SHERIFF'S OFFICE WARNS MERCHANTS OF CREDIT/DEBIT CARD SCHEME
FOR IMMEDIATE RELEASE
Major Lafayette Woods, Jr.
Operation Commander/Public Information Officer
SHERIFF'S OFFICE WARNS MERCHANTS OF CREDIT/DEBIT CARD SCHEME: Jefferson County, Arkansas - January 9, 2015 – Recently the Jefferson County Sheriff’s Office learned of a suspect’s attempt to defraud merchants at area businesses by attempting to take advantage of a particular type of credit/ debit card transaction known as a “forced sale,” which is used from time to time in regular business dealings and is described briefly below.
Ordinarily, when a merchant swipes a credit or debit card, a computerized check is performed to determine whether the account associated with the card is valid. If the account is open and funds are available, the transaction goes through; if the account is closed or funds are unavailable, the transaction is denied. If the transaction is denied, a merchant has two choices: ask the customer for another card, or perform a “forced sale” using the declined card. During a typical forced sale, the merchant calls the card issuer (i.e., the customer’s bank or credit card company) and receives an authorization code. The merchant types the code into the credit card terminal and “forces” the transaction, essentially overriding the denial and allowing the sale to go through. At some later date, the merchant and the card issuer settle the outstanding charge.
But for technical reasons relating to the forced sale process, it does not actually matter what code the merchant types into the terminal. Any combination of digits will override the denial. So long as the customer provides a fake authorization code and convinces the merchant to enter it into the terminal, the transaction will go through. The merchant is unlikely to discover the fraud until days or weeks later.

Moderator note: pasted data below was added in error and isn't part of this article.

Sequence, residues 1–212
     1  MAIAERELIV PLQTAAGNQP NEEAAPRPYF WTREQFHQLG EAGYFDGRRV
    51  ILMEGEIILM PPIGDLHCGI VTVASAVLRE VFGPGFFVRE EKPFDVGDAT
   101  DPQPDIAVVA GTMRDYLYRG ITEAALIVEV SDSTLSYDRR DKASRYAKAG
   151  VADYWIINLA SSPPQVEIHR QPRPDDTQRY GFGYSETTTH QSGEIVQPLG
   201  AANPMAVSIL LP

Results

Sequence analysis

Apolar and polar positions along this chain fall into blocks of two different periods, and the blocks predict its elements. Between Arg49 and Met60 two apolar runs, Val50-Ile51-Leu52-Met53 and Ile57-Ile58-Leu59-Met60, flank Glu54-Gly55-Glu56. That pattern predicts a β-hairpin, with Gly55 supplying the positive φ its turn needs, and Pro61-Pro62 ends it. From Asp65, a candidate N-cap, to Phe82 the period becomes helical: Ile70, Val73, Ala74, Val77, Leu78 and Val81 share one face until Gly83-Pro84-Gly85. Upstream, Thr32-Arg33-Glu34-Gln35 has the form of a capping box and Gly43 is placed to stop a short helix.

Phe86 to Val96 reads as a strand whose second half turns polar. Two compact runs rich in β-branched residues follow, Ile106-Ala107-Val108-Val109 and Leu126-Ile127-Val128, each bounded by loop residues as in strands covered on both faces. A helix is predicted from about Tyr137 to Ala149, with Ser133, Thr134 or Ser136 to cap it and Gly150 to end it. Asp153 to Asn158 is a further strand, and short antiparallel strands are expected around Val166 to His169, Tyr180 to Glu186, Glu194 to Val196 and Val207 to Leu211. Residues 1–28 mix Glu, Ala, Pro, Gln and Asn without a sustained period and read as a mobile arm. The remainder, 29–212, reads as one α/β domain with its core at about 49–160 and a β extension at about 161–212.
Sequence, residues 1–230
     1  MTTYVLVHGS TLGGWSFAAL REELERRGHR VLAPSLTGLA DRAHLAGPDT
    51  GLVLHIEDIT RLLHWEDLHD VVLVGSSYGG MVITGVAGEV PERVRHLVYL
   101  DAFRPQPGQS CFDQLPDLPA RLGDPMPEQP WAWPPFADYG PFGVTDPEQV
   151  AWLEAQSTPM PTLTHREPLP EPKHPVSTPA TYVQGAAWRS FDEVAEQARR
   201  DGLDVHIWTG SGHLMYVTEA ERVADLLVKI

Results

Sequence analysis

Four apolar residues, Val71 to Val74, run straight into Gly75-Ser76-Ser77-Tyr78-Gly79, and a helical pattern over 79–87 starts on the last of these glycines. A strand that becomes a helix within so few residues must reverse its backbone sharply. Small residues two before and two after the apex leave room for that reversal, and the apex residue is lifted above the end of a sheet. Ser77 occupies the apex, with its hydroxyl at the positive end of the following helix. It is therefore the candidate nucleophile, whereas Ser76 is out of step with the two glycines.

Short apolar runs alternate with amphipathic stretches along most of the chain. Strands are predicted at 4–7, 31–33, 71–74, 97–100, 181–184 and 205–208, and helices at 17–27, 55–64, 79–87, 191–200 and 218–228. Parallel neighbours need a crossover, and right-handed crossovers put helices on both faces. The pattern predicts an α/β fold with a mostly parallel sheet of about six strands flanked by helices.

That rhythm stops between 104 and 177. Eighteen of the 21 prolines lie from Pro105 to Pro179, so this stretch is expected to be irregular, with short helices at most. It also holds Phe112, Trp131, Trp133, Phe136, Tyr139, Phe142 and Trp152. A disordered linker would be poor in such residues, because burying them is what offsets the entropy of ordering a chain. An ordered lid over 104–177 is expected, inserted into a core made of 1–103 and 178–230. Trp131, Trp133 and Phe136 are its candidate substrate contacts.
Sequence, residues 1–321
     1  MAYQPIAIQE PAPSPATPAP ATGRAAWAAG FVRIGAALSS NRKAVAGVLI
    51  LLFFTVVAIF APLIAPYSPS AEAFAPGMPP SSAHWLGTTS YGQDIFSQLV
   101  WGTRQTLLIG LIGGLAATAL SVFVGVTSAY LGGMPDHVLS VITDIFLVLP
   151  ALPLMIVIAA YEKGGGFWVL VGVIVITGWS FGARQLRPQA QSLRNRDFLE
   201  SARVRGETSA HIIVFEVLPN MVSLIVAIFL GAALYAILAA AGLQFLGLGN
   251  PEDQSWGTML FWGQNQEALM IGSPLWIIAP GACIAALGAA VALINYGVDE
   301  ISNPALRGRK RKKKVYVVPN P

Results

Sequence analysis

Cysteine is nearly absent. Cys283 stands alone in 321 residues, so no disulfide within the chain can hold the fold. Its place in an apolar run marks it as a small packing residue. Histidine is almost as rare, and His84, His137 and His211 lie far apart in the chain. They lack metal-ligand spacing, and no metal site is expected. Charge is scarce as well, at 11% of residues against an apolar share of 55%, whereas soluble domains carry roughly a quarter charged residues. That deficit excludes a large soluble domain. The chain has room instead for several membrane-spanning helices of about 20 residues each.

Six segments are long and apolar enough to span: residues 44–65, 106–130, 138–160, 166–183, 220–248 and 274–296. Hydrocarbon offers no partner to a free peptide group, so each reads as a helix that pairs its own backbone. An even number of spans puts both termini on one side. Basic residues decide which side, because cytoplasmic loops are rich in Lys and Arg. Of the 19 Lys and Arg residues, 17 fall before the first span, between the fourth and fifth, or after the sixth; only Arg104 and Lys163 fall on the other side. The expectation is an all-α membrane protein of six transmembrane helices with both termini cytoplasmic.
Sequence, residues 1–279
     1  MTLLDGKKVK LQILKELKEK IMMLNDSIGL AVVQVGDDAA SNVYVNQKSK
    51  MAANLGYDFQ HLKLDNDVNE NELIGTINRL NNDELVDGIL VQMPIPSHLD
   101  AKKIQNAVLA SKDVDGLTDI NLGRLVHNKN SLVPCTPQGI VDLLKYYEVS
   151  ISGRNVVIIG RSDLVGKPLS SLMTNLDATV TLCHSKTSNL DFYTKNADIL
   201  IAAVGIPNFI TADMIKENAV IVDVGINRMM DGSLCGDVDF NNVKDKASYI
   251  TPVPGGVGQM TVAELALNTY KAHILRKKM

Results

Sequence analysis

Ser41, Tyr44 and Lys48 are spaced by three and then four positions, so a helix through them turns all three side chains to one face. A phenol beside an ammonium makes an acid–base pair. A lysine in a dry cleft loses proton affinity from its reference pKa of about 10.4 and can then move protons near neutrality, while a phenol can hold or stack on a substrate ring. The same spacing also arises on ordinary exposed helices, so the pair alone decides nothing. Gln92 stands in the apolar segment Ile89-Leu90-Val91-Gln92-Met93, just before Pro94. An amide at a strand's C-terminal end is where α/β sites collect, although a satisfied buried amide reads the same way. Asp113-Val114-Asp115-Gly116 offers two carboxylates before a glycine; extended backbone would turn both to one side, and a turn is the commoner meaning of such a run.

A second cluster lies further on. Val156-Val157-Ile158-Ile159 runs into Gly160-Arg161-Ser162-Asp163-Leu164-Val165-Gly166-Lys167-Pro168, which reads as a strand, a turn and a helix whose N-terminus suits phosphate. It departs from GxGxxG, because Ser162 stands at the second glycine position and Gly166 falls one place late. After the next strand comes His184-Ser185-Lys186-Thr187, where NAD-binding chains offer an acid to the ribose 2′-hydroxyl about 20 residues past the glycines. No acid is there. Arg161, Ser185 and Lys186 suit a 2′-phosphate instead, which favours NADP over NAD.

A black male, who entered a local jewelry store and presented the merchant with an Arkansas driver’s license bearing the name Decario Martez Walter, date of birth February 26th, 1990 attempted to purchase a watch using a Pay Pal Master Card. When the transaction was declined the black male contacted another unidentified person with his cell phone. After a brief phone conversation with the person, Walter then handed to phone to the merchant. According to the merchant, he was told that the account was fixed and that the purchase would go through if the sales person would enter the numbers provided by him or her after swiping the card again. The merchant knew this was not proper bank procedures and refused the purchase. According to the merchant, Walter became visibly nervous and immediately left the business.
However, a short time later Walter entered a second business and attempted to purchase a Rolex watch using a Boost Mobile Pre-Pay card. The merchant stated that Walter became visibly nervous after a uniformed law enforcement officer entered the business. Walter left the business immediately following the arrival of the officer. No attempt to purchase the watch with the Boost Mobile card was made. Walter departed the parking lot of the business in a dark colored 4 door passenger vehicle; unknown make, model, or license plate number.